If you have not downloaded it yet, here is the link: Python. I would encourage you to download version 2.7 as it is more widely compatible. 

    You can open Python through IDLE or the Command Prompt, it will work either way.

    Before we get to our Gauss problem, lets initiate ourselves into the world of programming.

    Type in the following: print('Hello World') so the command line looks like:

    print('Hello World')

    When you press enter, you will see the response.

    Hello World

    Congratulations, you and the computer are now on speaking terms. The print function will output to the screen anything you put inside its parenthesis.

    Try this:


    We are going to leap ahead to looping. This is where the computer truly excels, when you can ask the computer to do something over and over and over again with accuracy and speed.

    Lets say you wanted the computer to say 'Math is fun' 5 times. 

    for i in range(1,6):
    ...    print('Math is fun')

    Make sure you don't forget the colon, and then hit enter. On the next line Python you will see 3 dots. This means that you wish to create a "for loop". Hit the spacebar to indent 4 spaces to indicate what will be looped.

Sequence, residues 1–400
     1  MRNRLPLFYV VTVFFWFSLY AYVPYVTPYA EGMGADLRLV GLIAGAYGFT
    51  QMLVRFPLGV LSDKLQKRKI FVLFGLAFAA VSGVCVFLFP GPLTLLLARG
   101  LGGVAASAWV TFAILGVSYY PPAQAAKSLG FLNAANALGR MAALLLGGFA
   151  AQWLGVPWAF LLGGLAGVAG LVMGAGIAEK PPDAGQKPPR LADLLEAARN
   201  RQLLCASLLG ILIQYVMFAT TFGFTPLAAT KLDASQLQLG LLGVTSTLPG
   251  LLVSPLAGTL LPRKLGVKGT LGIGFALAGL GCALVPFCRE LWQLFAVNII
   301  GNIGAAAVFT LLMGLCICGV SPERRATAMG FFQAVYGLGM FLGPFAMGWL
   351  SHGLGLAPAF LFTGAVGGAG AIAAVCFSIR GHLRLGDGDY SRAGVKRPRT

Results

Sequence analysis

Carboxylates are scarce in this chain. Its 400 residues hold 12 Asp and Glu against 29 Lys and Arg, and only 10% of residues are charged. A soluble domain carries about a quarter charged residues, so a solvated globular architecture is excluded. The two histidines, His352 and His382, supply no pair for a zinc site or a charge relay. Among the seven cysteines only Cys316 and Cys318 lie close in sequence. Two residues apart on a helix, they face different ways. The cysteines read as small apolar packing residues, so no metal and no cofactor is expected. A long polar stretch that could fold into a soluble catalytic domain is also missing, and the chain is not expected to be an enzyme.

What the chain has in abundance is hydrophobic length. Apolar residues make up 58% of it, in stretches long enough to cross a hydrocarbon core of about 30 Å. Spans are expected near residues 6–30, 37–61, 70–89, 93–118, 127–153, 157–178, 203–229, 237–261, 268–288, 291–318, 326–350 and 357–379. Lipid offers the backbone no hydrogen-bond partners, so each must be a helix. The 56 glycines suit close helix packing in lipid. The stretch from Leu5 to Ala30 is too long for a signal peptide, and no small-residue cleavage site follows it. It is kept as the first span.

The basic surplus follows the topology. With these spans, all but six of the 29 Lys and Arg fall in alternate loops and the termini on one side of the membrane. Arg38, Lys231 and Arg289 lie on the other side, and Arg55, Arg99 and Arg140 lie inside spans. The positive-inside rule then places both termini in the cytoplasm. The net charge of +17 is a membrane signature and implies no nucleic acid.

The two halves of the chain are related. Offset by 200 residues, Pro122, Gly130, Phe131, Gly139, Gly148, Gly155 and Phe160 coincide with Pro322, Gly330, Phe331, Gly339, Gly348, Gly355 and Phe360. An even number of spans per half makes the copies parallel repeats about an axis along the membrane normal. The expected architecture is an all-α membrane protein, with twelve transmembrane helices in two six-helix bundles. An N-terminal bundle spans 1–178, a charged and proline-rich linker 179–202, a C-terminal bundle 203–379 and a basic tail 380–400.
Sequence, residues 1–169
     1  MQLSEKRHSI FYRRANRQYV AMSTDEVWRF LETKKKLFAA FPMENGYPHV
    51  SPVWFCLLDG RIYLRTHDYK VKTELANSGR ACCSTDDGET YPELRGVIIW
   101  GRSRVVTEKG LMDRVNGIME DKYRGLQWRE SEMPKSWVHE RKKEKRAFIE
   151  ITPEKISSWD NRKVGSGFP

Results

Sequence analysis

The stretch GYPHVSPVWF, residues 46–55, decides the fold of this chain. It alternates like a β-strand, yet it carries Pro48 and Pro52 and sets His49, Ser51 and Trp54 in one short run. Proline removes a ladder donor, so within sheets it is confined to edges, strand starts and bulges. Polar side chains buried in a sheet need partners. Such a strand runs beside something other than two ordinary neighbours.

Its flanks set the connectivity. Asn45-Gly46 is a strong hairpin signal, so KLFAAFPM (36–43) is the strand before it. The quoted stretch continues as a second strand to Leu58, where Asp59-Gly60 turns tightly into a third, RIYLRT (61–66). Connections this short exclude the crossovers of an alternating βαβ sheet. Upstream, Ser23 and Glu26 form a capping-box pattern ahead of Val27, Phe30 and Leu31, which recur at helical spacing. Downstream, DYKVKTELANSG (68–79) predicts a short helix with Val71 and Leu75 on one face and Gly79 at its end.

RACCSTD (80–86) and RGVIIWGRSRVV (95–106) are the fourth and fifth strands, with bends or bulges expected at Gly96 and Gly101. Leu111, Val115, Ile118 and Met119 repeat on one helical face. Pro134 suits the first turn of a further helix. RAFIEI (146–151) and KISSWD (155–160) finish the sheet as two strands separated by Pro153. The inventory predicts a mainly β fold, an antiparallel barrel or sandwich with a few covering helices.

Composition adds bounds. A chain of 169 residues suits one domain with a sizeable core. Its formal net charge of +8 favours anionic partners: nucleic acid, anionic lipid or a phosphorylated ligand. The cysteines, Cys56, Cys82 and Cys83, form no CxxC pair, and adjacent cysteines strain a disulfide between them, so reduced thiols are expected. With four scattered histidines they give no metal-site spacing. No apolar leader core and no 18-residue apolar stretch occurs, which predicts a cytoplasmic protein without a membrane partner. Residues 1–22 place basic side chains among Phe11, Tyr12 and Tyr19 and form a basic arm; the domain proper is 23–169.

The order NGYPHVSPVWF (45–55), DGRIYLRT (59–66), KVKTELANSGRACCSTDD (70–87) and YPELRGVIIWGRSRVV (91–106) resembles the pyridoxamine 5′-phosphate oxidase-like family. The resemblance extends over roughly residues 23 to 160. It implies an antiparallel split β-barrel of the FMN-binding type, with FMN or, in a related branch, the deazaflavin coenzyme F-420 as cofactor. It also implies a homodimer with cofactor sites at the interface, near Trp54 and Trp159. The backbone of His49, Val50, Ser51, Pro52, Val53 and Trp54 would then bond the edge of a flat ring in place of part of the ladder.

Hit enter twice, once to break out of the loop and another to run the program. Python will run through the loop 5 times (the range 1,6 means 1,2,3,4,5 and stop at 6) printing Math is Fun.

    Math is Fun
    Math is Fun
    Math is Fun
    Math is Fun
    Math is Fun

    What you said was, "for every number in the range of 1-6, output to the screen Math is Fun". 

    Finally, regarding our Gauss situation. Lets create a variable, which we know from math stores a number.

    answer = 0

    Type that and hit enter. Now you have told the computer to set aside some memory with the number zero in a place called 'sum'.

    Let's create the loop which will go through the numbers 1-100 and add them to the sum.

    for answer in range(1,101):
    ...       answer = answer + number

    Hit enter twice, and you are done! In less than a second, the computer did what we could not have done in minutes or hours. 

    Hey wait, I don't see anything. Ahh, while the computer is finished, it has not told you anything, but that was because you never asked.